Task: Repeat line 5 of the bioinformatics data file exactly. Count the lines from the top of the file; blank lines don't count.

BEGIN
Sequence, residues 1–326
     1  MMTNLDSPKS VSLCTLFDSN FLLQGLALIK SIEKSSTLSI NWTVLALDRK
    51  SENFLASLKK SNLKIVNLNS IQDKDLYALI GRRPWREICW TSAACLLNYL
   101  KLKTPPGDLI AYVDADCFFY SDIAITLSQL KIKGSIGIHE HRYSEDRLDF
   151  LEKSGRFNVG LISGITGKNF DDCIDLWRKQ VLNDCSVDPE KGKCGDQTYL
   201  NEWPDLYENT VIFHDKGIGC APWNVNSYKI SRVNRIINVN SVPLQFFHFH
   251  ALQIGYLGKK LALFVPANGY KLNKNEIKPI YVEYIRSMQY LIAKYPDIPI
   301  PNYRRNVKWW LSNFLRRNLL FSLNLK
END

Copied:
   151  LEKSGRFNVG LISGITGKNF DDCIDLWRKQ VLNDCSVDPE KGKCGDQTYL